There’s something to be said about rubbing shoulders with kindred spirits on vacation, especially if you share a mutual fondness for historic hotels. Not all of those encountered, however, will embrace the gift of gab and would much rather play with your electronic devices, hide your belongings, break things, and photo-bomb your best pictures, often manifesting as fuzzy spots that convince you there’s something wrong with your camera.
Not to worry. You’re simply being visited by former guests who either never checked out or who enjoyed the ambiance so much that it became, literally, their favorite haunt.
America has no shortage of spooky accommodations – Hollywood’s Hotel Roosevelt, Santa Fe’s La Fonda on the Plaza, New Orleans’ Hotel Provincial, New York’s Hotel Chelsea, and The Stanley Hotel (inspiration for The Shining) in Estes Park, Colorado. While my husband and I have never purposely sought out supernatural scenarios, two recent vacations apparently put us on the radar of some restless souls who clearly wanted a little attention. What better season than Halloween to boo(st) their egos?
BROWN PALACE – DENVER, CO
321 17th Street (17th Street and Tremont)
The Brown Palace sits like a multi-layered wedge of chocolate cake in the heart of downtown Denver. An iconic landmark since its opening in 1892, it was one of the first to utilize an atrium- style design at its center, and boasts an archival guest list that has included Molly Brown (no relation), U.S. presidents, The Beatles, and even some notorious criminals. Life in the past lane takes centerstage in the time-honored tradition of afternoon tea (daily from 12 to 4) and themed tours focused on the hotel’s architecture, ghosts and scandalous romances.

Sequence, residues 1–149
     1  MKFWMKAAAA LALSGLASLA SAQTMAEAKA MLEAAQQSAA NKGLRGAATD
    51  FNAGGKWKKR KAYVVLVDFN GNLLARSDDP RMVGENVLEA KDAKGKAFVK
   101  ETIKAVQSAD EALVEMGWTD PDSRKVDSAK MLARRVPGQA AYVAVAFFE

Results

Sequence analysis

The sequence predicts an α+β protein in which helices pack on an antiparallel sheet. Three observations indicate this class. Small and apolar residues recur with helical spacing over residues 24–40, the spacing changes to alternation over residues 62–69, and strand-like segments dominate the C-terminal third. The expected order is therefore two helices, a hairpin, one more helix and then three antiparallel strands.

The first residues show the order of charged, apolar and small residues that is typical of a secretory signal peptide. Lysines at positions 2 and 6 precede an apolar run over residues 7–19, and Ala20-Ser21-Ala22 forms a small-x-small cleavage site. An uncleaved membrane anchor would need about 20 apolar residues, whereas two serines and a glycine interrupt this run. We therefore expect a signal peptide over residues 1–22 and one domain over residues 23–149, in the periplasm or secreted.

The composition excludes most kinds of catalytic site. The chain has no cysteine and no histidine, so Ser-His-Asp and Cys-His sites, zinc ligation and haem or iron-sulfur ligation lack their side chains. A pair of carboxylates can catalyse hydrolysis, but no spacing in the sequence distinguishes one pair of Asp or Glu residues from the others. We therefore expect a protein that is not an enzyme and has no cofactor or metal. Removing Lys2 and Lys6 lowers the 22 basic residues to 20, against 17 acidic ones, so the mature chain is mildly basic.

The front desk also keeps a judicious log of any unusual “sightings” reported by guests or staff. My favorite of these was the concierge who discovered a group of musicians in period dress playing loudly after midnight in the ballroom. The gentlemen politely responded to his request to dial it down a bit. His assumption was that they were simply rehearsing for a reception the next day…yet nothing was scheduled. When he returned to the ballroom, it was completely empty.
Our own supernatural experience involved the laptop, radio and television coming on throughout the wee hours. I also discovered a Ricola bag I had crumpled and thrown away in the bedroom wastebasket subsequently smoothed out and tucked between folded towels in the bathroom. Since no one had access to our room, my husband determined we were dealing with some juvenile ghosts who just wanted to have fun. When he spoke respectfully but firmly to them, the shenanigans promptly stopped.
The other encounter was a bit more startling. As we were returning from dinner one evening and walking down the wide hallway, my right side was suddenly slammed into with such force that my purse flew off my shoulder. I turned quickly, catching a fleeting, transparent glimpse of a man in dark clothes hurrying in the opposite direction. Since my husband didn’t see him, we can only conclude there was a window of time in which I collided with someone from an earlier era who didn’t see me, either.
If You Go: